Buglion was eventually promoted to an executive committee of 20, who believed they were the group's decision-making body. Below them were about 60 "members" and several hundred more associates worldwide. Becoming a member required attending a certain number of retreats annually, committing to volunteer hours of work and outreach, and writing on the group's email list. On the list, Buglion said, members were expected to divulge their "deep inner work that included how screwed up you were.

"You would be challenged if you just wrote an email saying how great things were," she added. "You had to be continually exposing and digging into that dark side of yourself and how it was playing itself out in the group ... Shame was a major driver."

Unbeknownst to Buglion or Gluck at the time, the group had four other tiers above the executive committee. Secret hierarchies are another red flag for cults.

"And on the top was Doug," Buglion said. "He was the head honcho, the only one making decisions. The rest of it was all charades."

Eventually, Buglion and Gluck were spending tens of thousands of dollars a year on the group, which put them under enormous financial stress. For 18 years they never took a family vacation other than attending retreats. Gluck left the group after 16 years, two years before Buglion did. She said that if her husband had pushed her to leave earlier, she might have divorced him.

"It wasn't working for me anymore," Gluck said. Perhaps because of his innate skepticism, he explained, he was often derided by Doug as an outsider and critic, and thus became the group's scapegoat. "I didn't want to play that role anymore, so I left."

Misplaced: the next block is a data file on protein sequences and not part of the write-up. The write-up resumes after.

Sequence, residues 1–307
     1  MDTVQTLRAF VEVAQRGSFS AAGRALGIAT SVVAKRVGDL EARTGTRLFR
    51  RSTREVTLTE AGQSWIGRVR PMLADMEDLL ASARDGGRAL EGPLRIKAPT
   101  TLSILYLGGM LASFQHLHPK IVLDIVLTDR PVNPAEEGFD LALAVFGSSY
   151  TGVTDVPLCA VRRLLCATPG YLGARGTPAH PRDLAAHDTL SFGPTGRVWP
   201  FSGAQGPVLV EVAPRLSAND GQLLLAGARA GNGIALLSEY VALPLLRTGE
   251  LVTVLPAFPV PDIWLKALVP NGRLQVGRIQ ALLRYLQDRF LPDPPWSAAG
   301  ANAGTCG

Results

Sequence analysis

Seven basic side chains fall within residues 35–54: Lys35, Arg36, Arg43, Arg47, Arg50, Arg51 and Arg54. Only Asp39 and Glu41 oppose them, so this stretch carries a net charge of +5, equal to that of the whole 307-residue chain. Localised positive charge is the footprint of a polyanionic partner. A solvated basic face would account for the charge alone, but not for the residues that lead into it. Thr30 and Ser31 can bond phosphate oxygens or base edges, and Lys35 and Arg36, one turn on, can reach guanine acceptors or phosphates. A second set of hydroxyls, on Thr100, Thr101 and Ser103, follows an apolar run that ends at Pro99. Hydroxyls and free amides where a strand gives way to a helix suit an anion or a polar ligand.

Gluck admitted that it was hard to accept the idea that he'd joined a cult, especially after devoting 16 years to it. "You don't want to condemn it totally," he said, "because, in a sense, it's like condemning a part of yourself."

Nevertheless, when he reflects on Doug's lavish lifestyle — luxury cars, Armani suits, global travel — it's hard not to feel that condemnation.

What distinguishes a cult such as Anusara Yoga or the "Center for Transformational Learning" from mainstream businesses, fitness trends and member organizations that are just out to make a buck?

One factor, Buglion noted, is the harm cults inflict on their members. There's nothing inherently wrong with belonging to a church, self-help group or organization that has a leader or guru who promises to improve your life or save your soul. But legit groups, she said, are transparent about where their money comes from, where it goes and who benefits from it. Leaders with integrity empower their students and encourage them to think for themselves rather than manipulate, control and exploit them.